<di:waypoint x="136" y="40" />
        <di:waypoint x="232" y="40" />
      </bpmndi:BPMNEdge>

    </bpmndi:BPMNPlane>
  </bpmndi:BPMNDiagram>

</definitions>

Chapter 8. Forms in Business Central

A form is a layout definition for a page, defined as HTML, that is displayed as a dialog window to the user during process and task instantiation. Task forms acquire data from a user for both the process and task instance execution, whereas process forms take input and output from process variables.

The input is then mapped to the task using the data input assignment, which you can use inside of a task. When the task is completed, the data is mapped as a data output assignment to provide the data to the parent process instance.

8.1. Form Modeler

Red Hat Process Automation Manager provides a custom editor for defining forms called Form Modeler. With Form Modeler, you can generate forms for data objects, task forms, and process start forms without writing code. Form Modeler includes a widget library for binding multiple data types and a callback mechanism to send notifications when form values change. Form Modeler uses bean-based validation and supports binding form fields to static or dynamic models.

Form Modeler includes the following features:

  • Form modeling user interface for forms
  • Form auto-generation from the data model or Java objects
  • Data binding for Java objects
  • Formula and expressions
  • Customized forms layouts
  • Forms embedding

Form Modeler comes with predefined field types that you place onto the canvas to create a form.

Figure 8.1. Example mortgage loan application form

5011

8.2. Generating process and task forms in Business Central

You can generate a process form from your business process that is displayed at process instantiation to the user who instantiated the process. You can also generate a task form from your business process that is displayed at user task instantiation, when the execution flow reaches the task, to the actor of the user task.

Procedure

  1. In Business Central, go to MenuDesignProjects.
  2. Click the project name to open the asset view and then click the business process name.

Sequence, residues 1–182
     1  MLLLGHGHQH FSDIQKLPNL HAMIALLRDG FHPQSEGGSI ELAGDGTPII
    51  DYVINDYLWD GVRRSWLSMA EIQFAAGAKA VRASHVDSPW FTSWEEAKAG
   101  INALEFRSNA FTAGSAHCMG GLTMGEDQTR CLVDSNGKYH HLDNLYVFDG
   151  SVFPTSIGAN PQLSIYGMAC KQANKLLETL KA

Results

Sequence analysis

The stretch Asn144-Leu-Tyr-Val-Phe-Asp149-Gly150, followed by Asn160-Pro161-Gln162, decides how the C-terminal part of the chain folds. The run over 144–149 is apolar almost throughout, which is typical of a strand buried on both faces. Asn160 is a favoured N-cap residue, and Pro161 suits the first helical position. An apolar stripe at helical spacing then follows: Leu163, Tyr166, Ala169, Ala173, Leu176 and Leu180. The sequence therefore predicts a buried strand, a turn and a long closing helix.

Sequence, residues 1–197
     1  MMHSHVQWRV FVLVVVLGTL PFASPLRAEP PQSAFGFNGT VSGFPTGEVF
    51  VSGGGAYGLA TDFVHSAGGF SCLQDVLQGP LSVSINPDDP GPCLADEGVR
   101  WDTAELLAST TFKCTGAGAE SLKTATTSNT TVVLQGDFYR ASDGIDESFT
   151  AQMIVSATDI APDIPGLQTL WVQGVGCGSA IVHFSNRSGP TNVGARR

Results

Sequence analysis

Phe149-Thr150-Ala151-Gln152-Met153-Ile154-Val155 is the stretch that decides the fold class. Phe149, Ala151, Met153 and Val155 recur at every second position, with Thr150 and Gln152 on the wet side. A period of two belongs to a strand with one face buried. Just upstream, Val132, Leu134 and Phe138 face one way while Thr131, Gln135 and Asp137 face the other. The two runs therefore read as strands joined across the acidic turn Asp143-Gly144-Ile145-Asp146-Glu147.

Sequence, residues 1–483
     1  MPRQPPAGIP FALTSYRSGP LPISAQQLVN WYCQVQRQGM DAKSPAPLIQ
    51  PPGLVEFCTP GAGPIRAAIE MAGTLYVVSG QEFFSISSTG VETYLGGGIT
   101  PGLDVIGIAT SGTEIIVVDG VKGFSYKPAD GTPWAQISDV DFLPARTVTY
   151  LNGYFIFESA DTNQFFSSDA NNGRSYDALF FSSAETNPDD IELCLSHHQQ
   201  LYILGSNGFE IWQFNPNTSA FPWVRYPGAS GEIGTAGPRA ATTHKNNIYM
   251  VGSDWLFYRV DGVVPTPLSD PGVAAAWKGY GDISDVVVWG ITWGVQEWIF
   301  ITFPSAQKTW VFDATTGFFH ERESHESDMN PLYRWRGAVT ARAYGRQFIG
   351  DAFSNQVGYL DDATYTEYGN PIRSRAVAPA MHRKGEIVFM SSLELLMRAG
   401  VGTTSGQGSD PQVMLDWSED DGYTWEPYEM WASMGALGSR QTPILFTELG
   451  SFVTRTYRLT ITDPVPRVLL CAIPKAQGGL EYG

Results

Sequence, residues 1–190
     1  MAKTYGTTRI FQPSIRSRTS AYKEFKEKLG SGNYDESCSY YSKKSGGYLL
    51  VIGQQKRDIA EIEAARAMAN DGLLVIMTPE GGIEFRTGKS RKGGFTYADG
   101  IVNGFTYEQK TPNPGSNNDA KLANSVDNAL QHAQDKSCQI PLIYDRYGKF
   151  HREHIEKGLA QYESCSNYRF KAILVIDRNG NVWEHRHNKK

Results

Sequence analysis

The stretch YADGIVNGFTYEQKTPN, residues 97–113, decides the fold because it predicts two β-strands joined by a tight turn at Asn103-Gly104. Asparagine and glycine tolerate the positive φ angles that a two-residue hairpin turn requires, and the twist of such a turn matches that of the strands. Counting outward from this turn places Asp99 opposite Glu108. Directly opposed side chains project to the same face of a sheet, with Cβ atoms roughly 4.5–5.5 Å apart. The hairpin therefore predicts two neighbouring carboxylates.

3. In the process designer, click the process task that you want to create a form for (if applicable).
  4. In the upper-right toolbar, click the Form Generation icon and select the forms that you want to generate:

    • Generate process form: Generates the form for the entire process. This is the initial form that a user must complete when the process instance is started.
    • Generate all forms: Generates the form for the entire process and for all user tasks.
    • Generate forms for selection: Generates the forms for the selected user task nodes.

    Figure 8.2. Form generation menu

    auto form create

    The forms are created in the root directory of your project.

  5. Go to the root directory of your project in Business Central, click the new form name, and use the Form Modeler to customize the form to meet your requirements.

8.3. Manually creating forms in Business Central

You can create task and process forms manually from your project asset view. This is another way to generate a form without selecting to generate forms from your business process. For example, the Form Modeler now supports creating forms from external data objects.

Procedure

  1. In Business Central, go to MenuDesignProjects and click the project name.
  2. Click Add AssetForm.
  3. Provide the following information in the Create new Form window:

    • Form name (must be unique)
    • Package name
    • Model type: Select either Business Process or Data Object.

      • For the Business Process model type, select your business process from the Select Process drop-down menu, and then select the form that you want to create from the Select Form drop-down menu.
      • For the Data Object model type, select one of your project data objects from the Select Data Object from Project drop-down menu.
  4. Click Ok to open the Form Modeler.
  5. In the Components view on the left side of the Form Modeler, expand the Model Fields and Form Controls menus and create a new form by dragging your required fields and form controls to the canvas.
  6. Click Save to save your changes.

8.4. Document attachments in a form or process

Red Hat Process Automation Manager supports document attachments in forms using the Document form field. With the Document form field, you can upload documents that are required as part of a form or process.

To enable document attachments in forms and processes, complete the following procedures: